Someone requested a post on how to setup a secondary instance of TSM on a UNIX server so here is the skinny on how that is setup:
First create a directory where the config files for the new server will be stored.
then copy the dsmserv.opt over and modify the needed settings in it like devconfig and volhist to save in the new dir. Then create DB and Log volumes that this instance will use. Once those are created you need to export the following environmental variables:
Now you can run the dsmserv format command to initialize the DB and Log volumes and it will create the dsmserv.dsk in the serverb directory. Make sure you run the dsmserv runfile commands to load the scripts and webimages (even if TSM 5.3). The final step is to create the startup script so that TSM initializes correctly. Here is our script:
exec > /tmp/libserv.out 2>&1 #optional -> sends output to out file
ulimit -d unlimited
print "$(date '+%D %T') Starting Tivoli Storage Manager Server"
We use the following command to start TSM so we don’t have to deal with nohup:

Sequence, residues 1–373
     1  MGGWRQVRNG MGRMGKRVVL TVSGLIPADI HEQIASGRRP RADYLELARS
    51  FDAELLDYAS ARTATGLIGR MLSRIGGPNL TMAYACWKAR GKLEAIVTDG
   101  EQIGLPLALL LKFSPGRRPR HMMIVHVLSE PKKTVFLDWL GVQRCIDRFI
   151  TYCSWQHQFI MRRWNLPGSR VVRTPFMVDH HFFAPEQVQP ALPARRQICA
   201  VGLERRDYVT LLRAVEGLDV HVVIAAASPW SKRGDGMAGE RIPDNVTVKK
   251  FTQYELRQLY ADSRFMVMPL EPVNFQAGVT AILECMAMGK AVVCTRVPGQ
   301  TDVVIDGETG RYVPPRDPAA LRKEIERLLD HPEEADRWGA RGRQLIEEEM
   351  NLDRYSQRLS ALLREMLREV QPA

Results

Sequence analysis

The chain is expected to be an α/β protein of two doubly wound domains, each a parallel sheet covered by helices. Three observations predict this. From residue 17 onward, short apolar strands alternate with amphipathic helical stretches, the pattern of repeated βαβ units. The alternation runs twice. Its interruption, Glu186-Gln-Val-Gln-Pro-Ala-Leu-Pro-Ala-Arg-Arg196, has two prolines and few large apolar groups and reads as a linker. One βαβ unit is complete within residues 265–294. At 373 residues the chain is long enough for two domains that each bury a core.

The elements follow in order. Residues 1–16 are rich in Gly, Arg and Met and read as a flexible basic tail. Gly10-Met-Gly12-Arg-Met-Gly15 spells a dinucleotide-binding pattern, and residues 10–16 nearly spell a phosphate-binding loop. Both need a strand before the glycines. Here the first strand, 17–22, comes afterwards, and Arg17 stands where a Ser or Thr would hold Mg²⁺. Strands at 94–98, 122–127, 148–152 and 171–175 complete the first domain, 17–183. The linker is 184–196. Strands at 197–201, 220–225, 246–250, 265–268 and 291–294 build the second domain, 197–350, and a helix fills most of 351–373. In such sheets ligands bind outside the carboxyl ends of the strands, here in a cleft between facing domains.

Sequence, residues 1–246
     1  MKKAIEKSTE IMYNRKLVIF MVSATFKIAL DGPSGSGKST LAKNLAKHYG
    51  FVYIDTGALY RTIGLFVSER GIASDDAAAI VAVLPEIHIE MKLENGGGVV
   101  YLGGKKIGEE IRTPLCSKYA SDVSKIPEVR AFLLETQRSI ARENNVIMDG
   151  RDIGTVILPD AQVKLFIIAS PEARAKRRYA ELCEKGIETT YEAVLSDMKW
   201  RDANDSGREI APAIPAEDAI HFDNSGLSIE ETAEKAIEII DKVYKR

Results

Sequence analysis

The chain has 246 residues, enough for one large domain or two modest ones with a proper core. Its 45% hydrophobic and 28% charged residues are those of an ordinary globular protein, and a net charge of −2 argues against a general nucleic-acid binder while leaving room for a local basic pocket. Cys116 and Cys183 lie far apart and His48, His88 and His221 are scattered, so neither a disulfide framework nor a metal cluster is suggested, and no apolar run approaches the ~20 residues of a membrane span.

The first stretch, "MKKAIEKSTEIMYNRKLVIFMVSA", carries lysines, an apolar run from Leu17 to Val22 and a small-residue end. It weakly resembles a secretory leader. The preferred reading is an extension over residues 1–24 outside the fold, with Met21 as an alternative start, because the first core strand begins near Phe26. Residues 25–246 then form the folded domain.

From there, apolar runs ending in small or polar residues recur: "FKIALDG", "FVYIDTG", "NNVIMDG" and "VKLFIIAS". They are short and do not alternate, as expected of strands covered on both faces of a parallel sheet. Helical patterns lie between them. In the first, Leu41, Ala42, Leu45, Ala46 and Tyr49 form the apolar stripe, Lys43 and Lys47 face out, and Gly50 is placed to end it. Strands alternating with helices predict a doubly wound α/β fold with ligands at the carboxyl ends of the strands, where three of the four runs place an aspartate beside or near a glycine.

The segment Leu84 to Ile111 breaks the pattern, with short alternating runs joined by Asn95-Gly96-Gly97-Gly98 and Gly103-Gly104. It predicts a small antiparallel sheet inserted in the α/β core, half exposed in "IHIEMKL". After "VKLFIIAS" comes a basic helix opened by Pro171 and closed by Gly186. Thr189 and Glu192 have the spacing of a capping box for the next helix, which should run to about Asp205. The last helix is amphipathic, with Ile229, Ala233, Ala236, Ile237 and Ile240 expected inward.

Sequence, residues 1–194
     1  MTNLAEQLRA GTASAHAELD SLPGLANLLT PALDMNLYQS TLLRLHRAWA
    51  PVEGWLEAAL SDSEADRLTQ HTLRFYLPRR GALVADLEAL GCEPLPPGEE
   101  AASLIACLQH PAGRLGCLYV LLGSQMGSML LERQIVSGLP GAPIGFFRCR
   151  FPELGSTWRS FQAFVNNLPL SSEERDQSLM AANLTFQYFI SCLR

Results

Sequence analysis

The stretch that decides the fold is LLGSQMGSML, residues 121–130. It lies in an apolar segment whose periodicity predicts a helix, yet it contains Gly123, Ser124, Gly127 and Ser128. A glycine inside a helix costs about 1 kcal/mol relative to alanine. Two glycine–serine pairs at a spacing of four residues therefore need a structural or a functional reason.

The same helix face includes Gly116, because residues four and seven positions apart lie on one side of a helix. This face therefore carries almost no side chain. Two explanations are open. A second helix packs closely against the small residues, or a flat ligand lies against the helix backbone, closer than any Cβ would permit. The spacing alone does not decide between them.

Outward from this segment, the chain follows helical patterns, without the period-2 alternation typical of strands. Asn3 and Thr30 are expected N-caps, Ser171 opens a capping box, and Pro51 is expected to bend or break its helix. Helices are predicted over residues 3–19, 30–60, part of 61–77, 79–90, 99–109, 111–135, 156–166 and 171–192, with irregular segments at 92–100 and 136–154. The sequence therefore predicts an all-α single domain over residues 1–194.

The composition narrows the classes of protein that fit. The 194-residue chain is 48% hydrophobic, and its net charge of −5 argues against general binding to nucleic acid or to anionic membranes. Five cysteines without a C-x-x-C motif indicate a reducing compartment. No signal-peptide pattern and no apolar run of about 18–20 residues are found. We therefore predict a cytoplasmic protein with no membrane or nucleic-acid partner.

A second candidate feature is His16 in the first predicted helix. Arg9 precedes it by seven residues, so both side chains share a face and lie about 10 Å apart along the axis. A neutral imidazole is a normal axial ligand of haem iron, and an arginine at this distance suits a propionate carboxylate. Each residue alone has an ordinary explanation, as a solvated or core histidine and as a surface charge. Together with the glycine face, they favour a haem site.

echo “/usr/tivoli/tsm/serverb/bin/rc.adsmserv” | at now
This uses the at command to run the script immediately. You can then edit the inittab and place a line in to start this instance on boot or put a script in the run level startup folders, your choice. You should now be ready to run the second instance. One note to those thinking of doing this and sharing a library, Tivoli recommends that you create a TSM instance to be just a library manager, no clients, no real work other than handling the library and tape mounts. I agree with this and it has been a lot easier to manage and handle library issues. Not knowing how large the DB could get I gave it 2GB and it is currently 3.8% utilized, and it has been in place for over a year and a half. Swapping a library manager from one system to another is not as hard as it would seem so consider it and if anyone wants docs on how to do the switch let me know I’ll post it.
Tuesday, November 22, 2005
Monday, November 21, 2005